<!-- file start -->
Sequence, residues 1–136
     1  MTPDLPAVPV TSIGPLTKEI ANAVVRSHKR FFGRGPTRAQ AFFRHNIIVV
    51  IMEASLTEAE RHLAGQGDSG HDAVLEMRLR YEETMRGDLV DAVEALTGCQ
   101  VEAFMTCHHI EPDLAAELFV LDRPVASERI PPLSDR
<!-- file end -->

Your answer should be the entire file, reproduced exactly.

Sequence, residues 1–136
     1  MTPDLPAVPV TSIGPLTKEI ANAVVRSHKR FFGRGPTRAQ AFFRHNIIVV
    51  IMEASLTEAE RHLAGQGDSG HDAVLEMRLR YEETMRGDLV DAVEALTGCQ
   101  VEAFMTCHHI EPDLAAELFV LDRPVASERI PPLSDR